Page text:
3. An air cleaner comprising a hollow casing formed by concave shells secured together at the edges to provide an air chamber, elongated indentation means formed in said shells and extending across said chamber within said edges and dividing said chamber into inlet passage means and chamber means, an inlet formed in said casing and leading to said inlet passage means, an outlet formed in said casing, said shells being spaced across said indentation means and remote from said inlet to provide communication between said inlet passage means and said chamber means and said outlet, said indentation means being spaced from said edges to provide said inlet pas sage means around said chamber means, said outlet being formed in one of said shells and opening into said chamber means.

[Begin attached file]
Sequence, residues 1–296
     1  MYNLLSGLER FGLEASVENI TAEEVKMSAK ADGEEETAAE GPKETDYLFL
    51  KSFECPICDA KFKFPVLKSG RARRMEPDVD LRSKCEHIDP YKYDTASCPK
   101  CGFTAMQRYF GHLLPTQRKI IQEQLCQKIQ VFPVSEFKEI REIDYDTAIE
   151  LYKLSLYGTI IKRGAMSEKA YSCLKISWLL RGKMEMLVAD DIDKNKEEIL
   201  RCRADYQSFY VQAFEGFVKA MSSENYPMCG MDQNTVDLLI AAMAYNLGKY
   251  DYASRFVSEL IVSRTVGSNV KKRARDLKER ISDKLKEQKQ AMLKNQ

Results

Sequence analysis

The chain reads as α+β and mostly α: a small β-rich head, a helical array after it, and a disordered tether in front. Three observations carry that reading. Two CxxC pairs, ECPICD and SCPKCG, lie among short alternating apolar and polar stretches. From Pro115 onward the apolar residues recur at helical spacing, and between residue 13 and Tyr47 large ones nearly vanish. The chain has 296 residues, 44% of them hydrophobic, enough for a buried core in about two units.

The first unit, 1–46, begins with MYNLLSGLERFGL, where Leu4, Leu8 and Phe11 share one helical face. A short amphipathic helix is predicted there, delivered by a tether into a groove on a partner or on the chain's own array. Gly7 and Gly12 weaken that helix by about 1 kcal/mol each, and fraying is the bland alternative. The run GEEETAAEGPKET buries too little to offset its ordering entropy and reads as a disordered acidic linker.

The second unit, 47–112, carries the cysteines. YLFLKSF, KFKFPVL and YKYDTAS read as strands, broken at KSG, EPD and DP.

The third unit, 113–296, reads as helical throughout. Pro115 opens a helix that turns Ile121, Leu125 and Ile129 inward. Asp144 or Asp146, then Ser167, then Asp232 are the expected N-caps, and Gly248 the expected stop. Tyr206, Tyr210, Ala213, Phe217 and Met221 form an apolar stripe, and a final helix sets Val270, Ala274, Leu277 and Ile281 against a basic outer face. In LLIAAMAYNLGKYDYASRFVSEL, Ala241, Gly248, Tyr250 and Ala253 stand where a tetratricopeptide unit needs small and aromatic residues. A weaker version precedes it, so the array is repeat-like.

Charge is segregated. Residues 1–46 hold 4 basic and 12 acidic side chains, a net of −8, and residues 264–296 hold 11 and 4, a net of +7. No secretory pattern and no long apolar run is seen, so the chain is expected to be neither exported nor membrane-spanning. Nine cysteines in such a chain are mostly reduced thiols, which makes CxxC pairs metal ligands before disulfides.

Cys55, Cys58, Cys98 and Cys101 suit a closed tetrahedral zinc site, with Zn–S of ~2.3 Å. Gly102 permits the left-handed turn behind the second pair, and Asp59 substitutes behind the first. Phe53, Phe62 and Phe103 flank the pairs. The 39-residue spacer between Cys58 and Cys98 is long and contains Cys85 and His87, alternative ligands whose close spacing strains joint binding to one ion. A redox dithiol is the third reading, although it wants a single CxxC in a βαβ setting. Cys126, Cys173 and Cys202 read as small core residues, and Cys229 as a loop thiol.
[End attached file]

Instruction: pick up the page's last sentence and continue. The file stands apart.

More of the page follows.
4. An air cleaner comprising a hollow casing formed by concave shells secured together at the edges to provide an air chamber, elongated indentation means formed in said shells and extending across said chamber within said edges and dividing said chamber into inlet passage means and chamber means, an inlet formed in said casing and leading to said inlet passage means, an outlet formed in said casing, said shells being spaced across said indentation means and remote from said inlet to provide communication between said inlet passage means and said chamber means and said outlet, said shells being spaced at said inlet to provide filter chamber means between said inlet and said inlet passage means, and a filter element within said filter chamber means.

5. An air cleaner as defined by claim 1 and in which said inlet passage means comprises a pair of parallel branches between said inlet and said chamber means.

6. An air cleaner as defined by claim 1 and in which said inlet passage means comprises a single continuous passage leading from said inlet to said outlet and communicating with said chamber means.

7. An air cleaner as defined by claim 1 and in which said chamber means is formed between said outlet and said inlet passage means and comprises a side branch.